Bach to Basics - BeBoppin'
the 6th / Diminished Scale
For the uninitiated, a basic Bebop Scale is a Major scale with an added passing tone between the 5th and 6th scale degrees (Ab in C Maj.). The reason for this added half step is so that when the scale is played in eighth or sixteenth notes in either direction over a Major tonality, the Maj chord tones (scale steps 1-3-5 & 6) will fall on down beats. As such, the scale can originate on any of the chord tones with the same effect.
There is also the Dominant Bebop Scale, used over unaltered dominant 7th chords which inserts a passing tone between scale steps 7 & 8 of the Mixolydian mode (steps 4 & 5 of the Major Scale).
Also on the Bebop Scale hit parade is the Dorian Bebop Scale (3 & 4), as well as the Aeolian (Natural Minor) Bebop Scale (7 & 8). Unsurprisingly, all three are modes (V, ii & vi respectively) of the Major version, and while I wanted to point them out, they're not really relevant to this particular discussion; so... (see above picture).
The term "Bebop Scale" was first introduced by trombonist, cellist, composer and Jazz Education pioneer, the late David Baker, in the 1970's. I first became aware of it through Baker's three volume series of books titled “The Bebop Era” (still in print). There were several pages at the beginning of each volume presented in the key of C only, with the heading of “Daily Exercises: Major Scales with Added Notes”, consisting of scalar exercises pertaining to not only the chromatic passing tones between Maj scale steps 5 & 6 and 4 & 5, but also 1 & 2 ,2 & 3 and 6 & 7.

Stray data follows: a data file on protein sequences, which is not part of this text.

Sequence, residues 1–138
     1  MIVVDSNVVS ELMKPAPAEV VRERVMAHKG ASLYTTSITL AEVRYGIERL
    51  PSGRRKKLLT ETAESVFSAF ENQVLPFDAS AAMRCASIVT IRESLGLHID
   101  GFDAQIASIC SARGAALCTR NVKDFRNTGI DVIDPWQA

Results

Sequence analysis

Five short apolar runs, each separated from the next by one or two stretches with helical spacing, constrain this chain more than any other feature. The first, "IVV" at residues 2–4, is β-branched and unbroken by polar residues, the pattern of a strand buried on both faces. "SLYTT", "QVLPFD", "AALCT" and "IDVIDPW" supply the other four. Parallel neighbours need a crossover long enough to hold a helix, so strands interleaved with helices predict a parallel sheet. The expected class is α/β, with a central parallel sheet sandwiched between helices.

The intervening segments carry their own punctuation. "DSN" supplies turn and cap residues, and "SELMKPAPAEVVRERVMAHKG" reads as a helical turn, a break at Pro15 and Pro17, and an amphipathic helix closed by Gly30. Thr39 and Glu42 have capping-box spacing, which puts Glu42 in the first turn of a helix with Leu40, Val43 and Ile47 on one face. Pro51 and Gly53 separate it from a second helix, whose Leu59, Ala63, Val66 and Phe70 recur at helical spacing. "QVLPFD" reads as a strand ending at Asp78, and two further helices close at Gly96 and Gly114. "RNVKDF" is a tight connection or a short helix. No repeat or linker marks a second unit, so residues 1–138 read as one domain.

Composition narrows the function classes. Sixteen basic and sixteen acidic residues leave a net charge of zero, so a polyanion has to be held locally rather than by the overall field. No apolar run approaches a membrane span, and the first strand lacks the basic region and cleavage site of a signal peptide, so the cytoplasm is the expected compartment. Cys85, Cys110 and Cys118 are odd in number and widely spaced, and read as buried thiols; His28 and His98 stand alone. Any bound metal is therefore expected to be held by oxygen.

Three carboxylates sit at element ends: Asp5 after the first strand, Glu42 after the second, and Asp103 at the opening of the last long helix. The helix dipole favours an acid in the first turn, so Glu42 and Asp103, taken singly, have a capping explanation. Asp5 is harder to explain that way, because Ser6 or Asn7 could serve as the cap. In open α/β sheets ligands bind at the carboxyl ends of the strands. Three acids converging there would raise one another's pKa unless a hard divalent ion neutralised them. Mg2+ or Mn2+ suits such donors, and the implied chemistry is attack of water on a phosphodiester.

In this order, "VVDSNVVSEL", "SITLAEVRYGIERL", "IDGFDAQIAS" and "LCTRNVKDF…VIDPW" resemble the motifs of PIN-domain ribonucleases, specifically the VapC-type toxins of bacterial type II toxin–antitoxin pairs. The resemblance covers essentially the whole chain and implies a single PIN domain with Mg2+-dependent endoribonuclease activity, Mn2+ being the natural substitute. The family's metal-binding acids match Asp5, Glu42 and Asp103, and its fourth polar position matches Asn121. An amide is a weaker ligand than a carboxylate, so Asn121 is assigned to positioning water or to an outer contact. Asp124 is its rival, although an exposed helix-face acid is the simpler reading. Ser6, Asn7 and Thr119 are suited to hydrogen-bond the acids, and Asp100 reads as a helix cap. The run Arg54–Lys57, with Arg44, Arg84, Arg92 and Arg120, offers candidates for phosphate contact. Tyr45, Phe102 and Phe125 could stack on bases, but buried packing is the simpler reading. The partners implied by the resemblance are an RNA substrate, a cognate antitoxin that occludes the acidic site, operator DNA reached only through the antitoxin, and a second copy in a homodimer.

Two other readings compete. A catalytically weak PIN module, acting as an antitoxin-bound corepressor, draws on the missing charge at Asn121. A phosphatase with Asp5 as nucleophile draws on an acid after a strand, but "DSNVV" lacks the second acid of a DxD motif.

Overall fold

Fast forward ahead to the here & now - with the advent of the internet, YouTube vids and unlimited info pertaining to virtually any subject imaginable - enter legendary pianist and preeminent Bopologist, Barry Harris, demonstrating "the 6th Diminished Scale" system and even half jokingly calling it “his scale”.
Not being a pianist, and not immediately relating fully to Mr. Harris' piano-centric approach, I at first just thought “bebop scale”, until I came across guitarist (and Harris disciple) Roni Ben-Hur's video (below).
Suddenly, my "duh!" sign switched off and I realized that the so called "passing tone" between scale steps 5 & 6 was not just a passing tone, but actually part of an eight note harmonic system, which in turn formed a diminished seventh chord from it's 2nd, 4th, b6th & 8th degrees, as well as a Maj6 chord and its inversions on scale degrees 1, 3, 5 & 6.
By alternating inversions of Maj6 (or min6) chords with diminished 7th chords built on alternate steps of this eight note scale, a repeating I6 – V7b9 harmonic movement is created.
As previously mentioned, flatting the 3rd creates a Minor 6th / Diminished Scale.
Below is a harmonized example of a C Minor 6th / Diminshed Scale, using drop 2 voicings. Note the dim7 chord on the added b6th (Ab).
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So, for my own edification, I created a set of basic scalar arpeggio exercises from this concept, gradually adding permutations. I was surprised at how simple the concept was and how "right" it sounded as an "inside" diatonic melodic exercise.
Simply because I was in a minor mood for a minor mode. Seriously tho'..., I just felt it had a bit more color, flavor, oo-poo-pa-doo, etc. - not that Major should be ignored. Once you get either one in your ear and under your fingers, it shouldn't be all that difficult to do the other – it's a matter of raising or lowering the 3rd scale degree.
Comparisons have been made between classical music from the Baroque period and Bebop.
Because the alternating min6 & dim7 chords creates an automatic sense of harmonic movement - repeating V7-i (or I) cadence (one of the fundamentals of Western music) - this is an excellent ear and warmup exercise for single line instrumentalists (and anyone else), regardless of their level.
Check it out!